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NH Nature

New Hampshire Nature Notes by Eric Orff

Friday 02/22/2008 New Hampshire Sportsmen Take Aim at Congress: Global Warming Threatens Hunting, Fishing Traditions

Concord, NH (February 19) – More than a dozen of the leading hunting and fishing clubs and wildlife-related businesses in New Hampshire joined forces Tuesday to call on the state’s elected leaders in Congress to support strong legislation to confront climate change.

From local Trout Unlimited chapters to guide services and equipment retailers, groups representing a broad cross-section of the more than 141,000 New Hampshire hunters and anglers announced support for comprehensive climate legislation that would address the impacts of global warming on New Hampshire’s natural resources.

The local hunting and fishing clubs were among more than 670 organizations from all 50 states that sent a joint letter to Congress last week urging action on global warming. The groups took out a full-page ad in USA Today demanding action to address climate change.

To fight global warming, sportsmen are calling for comprehensive climate change legislation that cuts global warming by 2 percent per year through a cap-and-trade system and includes dedicated funding for fish and wildlife conservation and restoration.

“Climate change is the single biggest threat to wildlife today, and we’re running out of time to do something about it,” said Eric Orff, a retired wildlife biologist with New Hampshire Fish and Game Department and outreach consultant for the National Wildlife Federation. “We’ve spent a century fighting to protect wildlife, wild places and our natural heritage. We will not sit by and do nothing while climate change threatens to wipe it all out.”

Hunting and fishing have traditionally been pillars of New Hampshire’s economic prosperity: 258,000 people – residents and non-residents -- hunted or fished in New Hampshire in 2006 and spent $286 million on equipment and other trip-related costs.

“This is as much an economic issue as it is a conservation issue,” said Steve Courchesne, owner of Steve’s Sportsmen’s Den in Hooksett. “New Hampshire’s outdoor heritage supports thousands of well-paying jobs. If we want to protect New Hampshire’s natural resource assets and the jobs that go along with them, we need to invest in solutions to global warming.”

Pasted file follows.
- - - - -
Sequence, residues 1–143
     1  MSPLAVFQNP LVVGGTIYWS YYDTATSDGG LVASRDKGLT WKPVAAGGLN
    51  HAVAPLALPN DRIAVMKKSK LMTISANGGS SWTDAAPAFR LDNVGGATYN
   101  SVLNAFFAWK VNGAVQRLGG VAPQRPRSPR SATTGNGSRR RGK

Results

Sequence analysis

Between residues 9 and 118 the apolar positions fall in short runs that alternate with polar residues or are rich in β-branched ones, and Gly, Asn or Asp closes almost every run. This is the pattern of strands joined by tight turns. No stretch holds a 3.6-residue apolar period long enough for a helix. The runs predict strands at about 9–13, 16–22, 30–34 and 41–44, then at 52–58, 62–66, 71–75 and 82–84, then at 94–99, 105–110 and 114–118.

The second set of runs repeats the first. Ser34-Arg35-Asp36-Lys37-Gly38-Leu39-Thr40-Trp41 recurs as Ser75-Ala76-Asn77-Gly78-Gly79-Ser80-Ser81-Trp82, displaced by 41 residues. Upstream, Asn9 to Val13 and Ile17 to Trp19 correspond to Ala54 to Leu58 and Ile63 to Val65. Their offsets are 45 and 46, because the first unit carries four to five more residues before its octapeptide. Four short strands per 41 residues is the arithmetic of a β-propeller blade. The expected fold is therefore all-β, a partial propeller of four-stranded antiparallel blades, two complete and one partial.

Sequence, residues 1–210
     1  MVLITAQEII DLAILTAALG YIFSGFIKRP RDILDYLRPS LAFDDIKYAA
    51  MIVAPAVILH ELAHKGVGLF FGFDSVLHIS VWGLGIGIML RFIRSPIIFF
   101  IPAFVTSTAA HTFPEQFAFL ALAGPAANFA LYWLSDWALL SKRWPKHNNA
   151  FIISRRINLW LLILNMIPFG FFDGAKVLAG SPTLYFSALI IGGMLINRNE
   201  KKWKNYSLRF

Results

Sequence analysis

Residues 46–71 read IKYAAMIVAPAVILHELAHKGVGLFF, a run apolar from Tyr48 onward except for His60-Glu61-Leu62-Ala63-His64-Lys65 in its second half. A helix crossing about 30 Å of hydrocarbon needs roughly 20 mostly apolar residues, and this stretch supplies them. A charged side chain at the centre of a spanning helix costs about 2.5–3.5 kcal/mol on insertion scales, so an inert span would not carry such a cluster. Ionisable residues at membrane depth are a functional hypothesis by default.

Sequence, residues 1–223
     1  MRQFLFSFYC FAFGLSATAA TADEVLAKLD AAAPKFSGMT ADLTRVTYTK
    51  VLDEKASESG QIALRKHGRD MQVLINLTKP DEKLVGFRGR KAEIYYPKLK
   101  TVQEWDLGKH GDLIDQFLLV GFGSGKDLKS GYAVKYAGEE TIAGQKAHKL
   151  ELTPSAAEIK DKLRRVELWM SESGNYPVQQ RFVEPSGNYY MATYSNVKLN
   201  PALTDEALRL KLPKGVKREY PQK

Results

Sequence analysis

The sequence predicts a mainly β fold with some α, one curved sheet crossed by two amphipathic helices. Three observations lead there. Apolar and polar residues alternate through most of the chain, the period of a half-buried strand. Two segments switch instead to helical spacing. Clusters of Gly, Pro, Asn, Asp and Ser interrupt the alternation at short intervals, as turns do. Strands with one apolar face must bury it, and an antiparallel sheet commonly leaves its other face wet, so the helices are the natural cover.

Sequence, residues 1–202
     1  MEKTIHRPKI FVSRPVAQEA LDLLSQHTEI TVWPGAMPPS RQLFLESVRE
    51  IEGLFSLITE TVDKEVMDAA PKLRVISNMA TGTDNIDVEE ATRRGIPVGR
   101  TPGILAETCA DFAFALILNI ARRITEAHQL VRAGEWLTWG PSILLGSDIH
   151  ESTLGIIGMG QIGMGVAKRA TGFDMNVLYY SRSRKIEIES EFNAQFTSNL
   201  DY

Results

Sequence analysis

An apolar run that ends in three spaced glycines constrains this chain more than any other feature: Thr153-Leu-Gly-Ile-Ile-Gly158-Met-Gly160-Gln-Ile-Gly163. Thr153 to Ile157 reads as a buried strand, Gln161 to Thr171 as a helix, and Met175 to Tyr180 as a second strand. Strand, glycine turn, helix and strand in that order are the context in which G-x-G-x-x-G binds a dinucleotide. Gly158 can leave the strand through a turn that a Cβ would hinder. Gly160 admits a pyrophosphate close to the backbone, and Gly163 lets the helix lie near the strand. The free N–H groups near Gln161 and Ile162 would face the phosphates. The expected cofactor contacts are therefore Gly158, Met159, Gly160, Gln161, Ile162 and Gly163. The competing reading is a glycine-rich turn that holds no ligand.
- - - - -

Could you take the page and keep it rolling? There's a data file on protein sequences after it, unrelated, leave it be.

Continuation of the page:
The fish and wildlife that support New Hampshire’s sporting traditions are feeling the heat. For example, hotter summers are linked to the decline in moose populations; changes in stream flows and water temperatures are compromising habitat for trout and other cold-water fish.

“New Hampshire hunters and anglers are on the front lines in the fight against global warming,” said Orff. “We can’t ignore the scientific evidence that supports what we’ve been seeing in the woods and on the water – climate change is threatening wildlife and our natural resources like never before.”

New Hampshire groups or businesses that signed the letter include the New Hampshire Council of Trout Unlimited, New Hampshire Wild Turkey Federation, A.J.'s Bait and Tackle - Meredith, Barnstead Motorsports - Barnstead, Bickford's Sport Center - Epsom, Carroll County Fish, Game and Shooting Club - Conway, Dive Winnipesaukee - Wolfeboro, Fly Fishing Outfitters - Concord, Friends of the Suncook River, Hot Spots Outfitters - New Durham, Lone Pine Hunters Club, Inc. – Nashua, Manchester Fly Fishing Association –Manchester, Morse Sporting Goods – Hillsboro, Nor'Easters Snowmobile Club – Hollis, Paugus Bay Sport Shop – Laconia, Place In the Woods Trading Post – Antrim, Steve's Sportsmen’s Den – Hooksett, Story's Sport Shop – Belmont, Suds and Soda Sports Shop – Greenland, Taylor’s Trading Post – Madbury, Tim Moore Seacoast Guide Service – Portsmouth, Trout Unlimited, Great Bay Chapter, Trout Unlimited, Merrimack River Valley Chapter, Trout Unlimited, Pemigewasset Chapter – Thornton, Wildlife Taxidermy Studio and Sports Center - Manchester

“It’s time for New Hampshire’s elected leaders to take a stand on behalf of the conservation legacy we all want to leave behind for our kids and grand-kids,” said Orff.


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